Each year, thousands of the country's most promising future professionals graduate with M.B.A.s and clamor for positions at élite consulting firms. They could do much better things with their time, argues Matthew Stewart, and, as a former consultant, he should know. After earning a Ph.D. in German philosophy, Stewart stumbled into the consulting field and spent eight years as a high-priced business expert even helping to found a consulting firm before becoming disillusioned with the industry. He chronicles his corporate misadventures in a new book, The Management Myth, and explained to TIME why the philosophers of yesterday offer better business advice than anyone wearing a suit.
You earned a doctorate in 19th century German philosophy and had no business experience beyond fast-food work. How in the world did you end up as a consultant?
It was all pretty much an accident. I fired off a few letters, and had the luck of finding a partner with strange ideas about who to hire. I didn't think it was very plausible, but I needed a job.
The way consulting firms work, young graduates with little experience give advice to executives about running their business. Is it not obvious that these consultants often don't know very much?
Most people in the business world know there's a lot of phony expertise floating around. Most of it you can explain on anthropological rather than technical grounds: we have a very complex economy that requires management, and management needs legitimacy. It does this through credentials and so-called expertise, and creates a whole class of people who are accountable only to themselves. For me the problem is the idea there's a general field of management that applies across all different kinds of businesses. That's what I think is all baloney.
All this in a field that prides itself on being lean and empirical.
If you look at the way we lived as consultants, the last thing we were was lean. As far as empirical, we were so far from anything you could call science it was hilarious. The shocking thing is not that we have people with business degrees, it's that we have so many we have 140,000 M.B.A.s coming out every year. Why not have 20,000, the way we did 40 years ago?
You were working on the road for months at a time, and basically every interaction you had was related to your job. That sounds miserable.
It's very miserable. There were about two years when I literally paid no rent anywhere in the world. Everyone's a contact, but there's no real human interaction. That's a very wearying thing.
So why did you keep at it for eight years? Did you just need the job?
In the first years it was a great learning experience. I felt like what we were doing was not intrinsically bad, though we were charging too much. Over time I started to feel a lot worse about it. I really wanted to get out, but I had invested so much in the [new consulting firm]. It was a tricky and morally ambivalent thing, especially toward the end.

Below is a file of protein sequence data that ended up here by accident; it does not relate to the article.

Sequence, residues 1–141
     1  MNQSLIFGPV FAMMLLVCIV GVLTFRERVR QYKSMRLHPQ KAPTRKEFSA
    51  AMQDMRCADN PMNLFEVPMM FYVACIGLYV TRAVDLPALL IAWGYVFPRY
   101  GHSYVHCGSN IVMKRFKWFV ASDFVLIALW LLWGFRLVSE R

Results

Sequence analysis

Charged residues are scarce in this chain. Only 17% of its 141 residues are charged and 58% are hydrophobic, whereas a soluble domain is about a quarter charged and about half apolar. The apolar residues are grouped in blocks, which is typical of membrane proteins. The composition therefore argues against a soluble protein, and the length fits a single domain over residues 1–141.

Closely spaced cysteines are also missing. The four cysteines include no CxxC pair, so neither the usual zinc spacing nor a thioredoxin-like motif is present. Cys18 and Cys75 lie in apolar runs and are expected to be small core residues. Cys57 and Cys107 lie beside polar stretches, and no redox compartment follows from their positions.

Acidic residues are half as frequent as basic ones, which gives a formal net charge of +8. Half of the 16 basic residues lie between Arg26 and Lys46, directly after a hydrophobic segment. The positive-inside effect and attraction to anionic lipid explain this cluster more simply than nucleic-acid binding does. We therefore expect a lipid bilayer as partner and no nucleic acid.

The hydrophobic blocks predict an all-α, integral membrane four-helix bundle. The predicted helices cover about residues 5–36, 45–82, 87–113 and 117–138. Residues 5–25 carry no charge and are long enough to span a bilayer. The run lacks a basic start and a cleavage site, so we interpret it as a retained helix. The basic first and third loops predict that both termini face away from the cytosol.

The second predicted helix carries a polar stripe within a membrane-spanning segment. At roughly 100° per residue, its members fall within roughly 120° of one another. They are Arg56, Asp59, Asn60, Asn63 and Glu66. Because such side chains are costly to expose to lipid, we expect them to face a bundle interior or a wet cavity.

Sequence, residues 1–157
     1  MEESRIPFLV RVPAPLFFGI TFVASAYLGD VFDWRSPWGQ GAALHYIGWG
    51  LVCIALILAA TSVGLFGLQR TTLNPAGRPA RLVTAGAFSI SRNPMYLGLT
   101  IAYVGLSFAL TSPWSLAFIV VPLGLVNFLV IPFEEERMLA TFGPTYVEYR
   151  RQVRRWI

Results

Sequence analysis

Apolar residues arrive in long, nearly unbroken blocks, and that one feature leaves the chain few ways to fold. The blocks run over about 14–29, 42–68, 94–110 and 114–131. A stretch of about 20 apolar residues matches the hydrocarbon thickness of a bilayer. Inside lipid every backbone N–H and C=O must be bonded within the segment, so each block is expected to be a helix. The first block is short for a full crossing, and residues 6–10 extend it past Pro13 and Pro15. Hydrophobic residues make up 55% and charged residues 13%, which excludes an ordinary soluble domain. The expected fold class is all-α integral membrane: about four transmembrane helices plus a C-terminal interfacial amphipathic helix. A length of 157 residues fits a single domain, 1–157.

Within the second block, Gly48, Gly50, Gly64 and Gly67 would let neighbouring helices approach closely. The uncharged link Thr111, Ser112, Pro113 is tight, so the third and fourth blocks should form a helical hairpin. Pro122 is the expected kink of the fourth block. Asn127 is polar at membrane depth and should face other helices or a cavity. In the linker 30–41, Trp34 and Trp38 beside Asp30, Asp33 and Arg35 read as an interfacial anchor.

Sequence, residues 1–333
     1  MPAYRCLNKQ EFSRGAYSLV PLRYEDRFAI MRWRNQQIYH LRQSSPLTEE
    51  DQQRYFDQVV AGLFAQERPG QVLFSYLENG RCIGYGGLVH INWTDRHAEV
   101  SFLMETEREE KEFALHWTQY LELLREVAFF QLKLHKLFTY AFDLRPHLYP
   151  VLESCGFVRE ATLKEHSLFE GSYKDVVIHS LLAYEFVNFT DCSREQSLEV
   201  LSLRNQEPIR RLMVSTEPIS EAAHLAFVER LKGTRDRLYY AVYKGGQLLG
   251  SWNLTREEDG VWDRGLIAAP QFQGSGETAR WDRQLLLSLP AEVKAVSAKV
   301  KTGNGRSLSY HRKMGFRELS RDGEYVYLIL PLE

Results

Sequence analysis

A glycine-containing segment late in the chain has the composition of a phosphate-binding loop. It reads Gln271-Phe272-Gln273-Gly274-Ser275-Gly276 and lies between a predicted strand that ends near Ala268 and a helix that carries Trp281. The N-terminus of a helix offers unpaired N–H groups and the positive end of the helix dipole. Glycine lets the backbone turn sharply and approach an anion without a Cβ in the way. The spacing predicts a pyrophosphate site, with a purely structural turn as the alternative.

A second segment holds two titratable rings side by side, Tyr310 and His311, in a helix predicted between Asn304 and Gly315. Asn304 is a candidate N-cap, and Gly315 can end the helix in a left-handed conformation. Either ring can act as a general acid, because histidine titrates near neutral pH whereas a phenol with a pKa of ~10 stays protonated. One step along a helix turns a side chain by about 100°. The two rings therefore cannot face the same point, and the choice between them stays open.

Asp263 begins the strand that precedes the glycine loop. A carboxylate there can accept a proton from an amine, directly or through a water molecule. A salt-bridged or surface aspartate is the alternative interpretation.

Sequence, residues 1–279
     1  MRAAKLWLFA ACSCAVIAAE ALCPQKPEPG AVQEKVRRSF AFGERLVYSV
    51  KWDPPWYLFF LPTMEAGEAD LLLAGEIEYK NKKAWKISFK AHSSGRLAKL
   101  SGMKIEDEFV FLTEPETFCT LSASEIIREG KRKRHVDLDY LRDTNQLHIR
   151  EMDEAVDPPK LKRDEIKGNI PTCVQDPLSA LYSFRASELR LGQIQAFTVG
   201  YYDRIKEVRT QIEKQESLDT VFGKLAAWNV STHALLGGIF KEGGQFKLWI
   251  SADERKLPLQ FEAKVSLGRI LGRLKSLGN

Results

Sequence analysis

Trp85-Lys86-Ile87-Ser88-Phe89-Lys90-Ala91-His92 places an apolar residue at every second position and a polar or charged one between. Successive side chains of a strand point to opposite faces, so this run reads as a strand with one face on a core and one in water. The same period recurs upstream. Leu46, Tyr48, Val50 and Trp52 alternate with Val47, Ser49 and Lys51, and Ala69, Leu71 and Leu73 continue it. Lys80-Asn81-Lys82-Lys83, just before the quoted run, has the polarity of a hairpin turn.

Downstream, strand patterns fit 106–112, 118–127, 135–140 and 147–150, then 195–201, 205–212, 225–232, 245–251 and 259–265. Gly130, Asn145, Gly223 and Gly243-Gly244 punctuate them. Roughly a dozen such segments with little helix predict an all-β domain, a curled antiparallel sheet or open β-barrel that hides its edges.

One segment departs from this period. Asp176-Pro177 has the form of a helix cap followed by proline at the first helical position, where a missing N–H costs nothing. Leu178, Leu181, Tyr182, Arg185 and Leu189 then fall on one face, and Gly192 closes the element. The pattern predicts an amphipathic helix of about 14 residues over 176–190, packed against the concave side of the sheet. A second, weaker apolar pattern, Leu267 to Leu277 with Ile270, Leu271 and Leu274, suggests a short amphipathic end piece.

You say authors like Rousseau and Shakespeare offer better management lessons than most management consultants today. Why is it more valuable to study philosophy than business?
Most management systems have to do with establishing trust and getting people to cooperate. They're not really about expertise or science. Look at Rousseau all his writing is about how to build a social contract and a foundation for trust, for integrity, for ethics. When I have managerial issues I think more about Jean-Jacques Rousseau and John Locke than I do about [management writer] Michael Porter or someone like that.
You don't have a lot of kind words for the management gurus lining bookshelves at airports.
The whole shtick these gurus offer is fundamentally religion, not some kind of expertise. Take [Good to Great] author Jim Collins. His entire language is about how a company can transcend its limitations, and how a company or an individual can be motivated to succeed. My complaint is there are better, more eloquent, more far-seeing humanists.
How does this relate to the economic collapse we've been living through? Was it a result of some of these excesses?
I wouldn't pretend it all boils down to the fact there are a lot of M.B.A.s running around. But I think it's reasonable to suggest all this phony expertise and credentials were a layer of fat or parasitism on top of the overall economy. Some of these people learned how to extract profits at the expense of the system as a whole.
How would you describe your consulting colleagues? Somewhat different from your philosophy classmates, I would guess.
Businesspeople get a little bit of bad press, sometimes. There are a lot of normal and ethical people. But at the tip of the profession, the people who make it to a high level in élite consulting firms are, on the whole, nutty. They are driven beyond what is healthy and, at some level, quite unbalanced. At the firm I helped to found they went out and hired a group of psychotherapists. What other occupation would think it natural to spend half a million dollars a year on in-house psychotherapists?